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What’s Happening Down There? Vaginal Atrophy

By HERWriter
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Vaginal atrophy refers to the thinning and inflammation of the vaginal wall that occurs during menopause. This is due to a decline in estrogen. Less circulating estrogen makes the vaginal tissues thinner, drier, less elastic and more fragile. Vaginal atrophy does not just happen during menopause. It can also develop during breastfeeding or at any other time when the body's estrogen production declines.

Vaginal atrophy is a common complaint among postmenopausal women. By some estimates, about half of postmenopausal women experience it. While it does not have serious consequences, it can be a source of significant discomfort for many.

Vaginal atrophy signs and symptoms include vaginal dryness, itching, irritation, and/or pain during sexual intercourse. If the lining of the vagina becomes thin enough, it can even result in some vaginal bleeding. This thinning also makes women more susceptible to infections with bacteria, yeast or other organisms, which could result in a foul odor and discharge.

Atrophic vaginal changes can also be associated with changes in the urinary system. This can cause urinary problems like increased frequency or urgency of urination or burning with urination. Some women experience more urinary tract infections or incontinence.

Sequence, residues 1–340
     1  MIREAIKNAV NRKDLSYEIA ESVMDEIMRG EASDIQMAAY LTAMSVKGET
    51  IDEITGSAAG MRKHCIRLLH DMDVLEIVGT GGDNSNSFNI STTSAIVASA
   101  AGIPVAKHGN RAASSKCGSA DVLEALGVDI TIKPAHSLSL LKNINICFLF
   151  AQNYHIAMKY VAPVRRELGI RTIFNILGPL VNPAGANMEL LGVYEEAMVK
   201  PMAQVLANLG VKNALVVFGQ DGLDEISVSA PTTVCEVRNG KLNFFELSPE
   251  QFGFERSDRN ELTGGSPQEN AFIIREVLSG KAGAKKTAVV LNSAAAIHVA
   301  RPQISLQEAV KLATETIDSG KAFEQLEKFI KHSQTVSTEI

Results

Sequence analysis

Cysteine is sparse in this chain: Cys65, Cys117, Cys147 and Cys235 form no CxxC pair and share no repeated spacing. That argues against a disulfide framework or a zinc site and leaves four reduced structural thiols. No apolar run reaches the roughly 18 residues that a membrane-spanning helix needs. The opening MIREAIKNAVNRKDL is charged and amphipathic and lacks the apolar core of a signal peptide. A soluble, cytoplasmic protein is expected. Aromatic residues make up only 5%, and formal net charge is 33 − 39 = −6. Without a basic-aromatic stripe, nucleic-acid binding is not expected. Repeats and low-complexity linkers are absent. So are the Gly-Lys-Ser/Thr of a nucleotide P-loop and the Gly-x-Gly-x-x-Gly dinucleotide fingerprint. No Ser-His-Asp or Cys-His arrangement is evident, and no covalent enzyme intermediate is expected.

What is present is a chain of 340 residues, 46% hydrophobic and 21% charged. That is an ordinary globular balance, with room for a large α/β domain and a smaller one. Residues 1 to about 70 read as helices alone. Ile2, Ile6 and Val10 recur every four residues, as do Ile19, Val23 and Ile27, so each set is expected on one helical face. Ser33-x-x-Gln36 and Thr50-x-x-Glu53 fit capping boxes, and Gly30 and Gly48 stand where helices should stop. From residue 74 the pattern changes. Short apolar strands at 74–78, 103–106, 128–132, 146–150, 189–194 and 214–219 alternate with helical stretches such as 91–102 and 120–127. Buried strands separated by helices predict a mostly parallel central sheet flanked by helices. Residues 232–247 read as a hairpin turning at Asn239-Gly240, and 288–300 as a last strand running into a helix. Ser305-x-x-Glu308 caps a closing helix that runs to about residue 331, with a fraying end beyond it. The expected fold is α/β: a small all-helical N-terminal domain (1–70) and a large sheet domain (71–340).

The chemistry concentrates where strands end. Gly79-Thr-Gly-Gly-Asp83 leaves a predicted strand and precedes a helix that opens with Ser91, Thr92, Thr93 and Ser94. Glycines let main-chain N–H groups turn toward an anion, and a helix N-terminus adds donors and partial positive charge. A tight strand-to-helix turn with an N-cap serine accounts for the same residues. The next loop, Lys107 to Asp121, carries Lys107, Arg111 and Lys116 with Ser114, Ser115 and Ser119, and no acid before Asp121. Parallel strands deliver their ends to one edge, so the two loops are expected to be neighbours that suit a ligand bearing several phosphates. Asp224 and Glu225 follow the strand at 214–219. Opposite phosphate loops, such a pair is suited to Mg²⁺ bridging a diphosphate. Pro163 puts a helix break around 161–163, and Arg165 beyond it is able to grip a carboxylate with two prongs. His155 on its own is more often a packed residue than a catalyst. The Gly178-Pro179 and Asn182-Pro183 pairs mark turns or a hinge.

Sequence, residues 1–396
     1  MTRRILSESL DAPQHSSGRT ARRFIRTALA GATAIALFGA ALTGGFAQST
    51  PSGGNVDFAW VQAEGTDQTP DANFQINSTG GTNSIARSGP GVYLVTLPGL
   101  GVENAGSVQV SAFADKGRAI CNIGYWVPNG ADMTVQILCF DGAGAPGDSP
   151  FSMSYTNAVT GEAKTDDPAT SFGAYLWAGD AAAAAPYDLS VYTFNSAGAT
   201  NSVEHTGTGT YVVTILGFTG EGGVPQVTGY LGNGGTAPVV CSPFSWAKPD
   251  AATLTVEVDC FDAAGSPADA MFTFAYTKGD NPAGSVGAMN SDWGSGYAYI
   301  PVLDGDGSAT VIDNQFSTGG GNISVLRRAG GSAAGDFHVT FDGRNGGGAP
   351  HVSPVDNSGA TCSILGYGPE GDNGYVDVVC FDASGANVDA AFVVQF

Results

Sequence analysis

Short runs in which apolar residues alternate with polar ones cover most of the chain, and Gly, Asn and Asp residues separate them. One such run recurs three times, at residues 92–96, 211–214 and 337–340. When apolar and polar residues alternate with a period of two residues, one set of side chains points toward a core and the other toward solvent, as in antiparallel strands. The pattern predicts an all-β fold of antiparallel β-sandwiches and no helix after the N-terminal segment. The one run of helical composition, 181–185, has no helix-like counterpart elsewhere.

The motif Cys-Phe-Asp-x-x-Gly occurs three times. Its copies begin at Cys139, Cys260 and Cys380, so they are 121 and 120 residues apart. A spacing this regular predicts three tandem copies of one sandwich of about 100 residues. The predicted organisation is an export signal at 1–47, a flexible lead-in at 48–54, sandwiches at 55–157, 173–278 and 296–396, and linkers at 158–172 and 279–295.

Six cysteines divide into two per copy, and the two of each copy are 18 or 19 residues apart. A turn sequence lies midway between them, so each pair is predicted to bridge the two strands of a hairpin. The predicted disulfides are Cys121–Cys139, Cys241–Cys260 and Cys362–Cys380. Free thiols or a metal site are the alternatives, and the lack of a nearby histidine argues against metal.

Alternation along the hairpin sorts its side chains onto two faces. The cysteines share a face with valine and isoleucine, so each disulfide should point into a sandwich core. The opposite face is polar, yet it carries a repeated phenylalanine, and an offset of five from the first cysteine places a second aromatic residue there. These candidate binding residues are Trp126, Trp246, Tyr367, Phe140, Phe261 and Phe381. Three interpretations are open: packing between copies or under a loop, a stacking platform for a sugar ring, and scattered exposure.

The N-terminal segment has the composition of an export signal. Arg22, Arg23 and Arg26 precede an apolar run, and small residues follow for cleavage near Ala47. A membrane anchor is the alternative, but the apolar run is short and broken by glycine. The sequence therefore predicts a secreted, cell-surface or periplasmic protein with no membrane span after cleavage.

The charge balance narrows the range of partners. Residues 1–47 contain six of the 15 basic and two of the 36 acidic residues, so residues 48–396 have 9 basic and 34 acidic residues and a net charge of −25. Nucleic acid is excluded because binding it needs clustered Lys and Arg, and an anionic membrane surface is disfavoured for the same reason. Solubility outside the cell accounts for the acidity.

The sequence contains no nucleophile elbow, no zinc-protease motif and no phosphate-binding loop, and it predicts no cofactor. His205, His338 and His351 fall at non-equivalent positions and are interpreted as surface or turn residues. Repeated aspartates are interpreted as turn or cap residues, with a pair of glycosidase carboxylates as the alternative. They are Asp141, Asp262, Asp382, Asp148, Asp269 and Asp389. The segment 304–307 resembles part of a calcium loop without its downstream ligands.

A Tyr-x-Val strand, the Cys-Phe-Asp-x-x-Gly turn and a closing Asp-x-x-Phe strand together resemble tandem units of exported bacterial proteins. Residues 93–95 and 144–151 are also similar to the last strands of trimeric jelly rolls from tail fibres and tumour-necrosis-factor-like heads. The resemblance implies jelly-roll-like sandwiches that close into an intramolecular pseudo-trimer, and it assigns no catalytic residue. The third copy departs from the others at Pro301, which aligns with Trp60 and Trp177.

Vaginal atrophy does not need to be treated unless it causes discomfort. If that happens, there are several effective treatments.

Hormone therapy (HT) is one. HT has been shown to reduce vaginal dryness. However, whether or not to use hormone therapy is an individual decision. One must consider the risks and benefits of such treatment. It is a good idea to speak with your health care provider about HT.

Topical or oral estrogen is effective in relieving vaginal dryness and itchiness, and improving vaginal elasticity. Vaginal estrogen has the advantage of being effective at lower doses and limiting overall exposure to estrogen. These include the vaginal estrogen ring, cream or tablets. Estrogen applied directly to the vagina can still result in estrogen reaching the bloodstream, but the amount is minimal.

There are non-hormonal options for the treatment of vaginal atrophy.

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We value and respect our HERWriters' experiences, but everyone is different. Many of our writers are speaking from personal experience, and what's worked for them may not work for you. Their articles are not a substitute for medical advice, although we hope you can gain knowledge from their insight.

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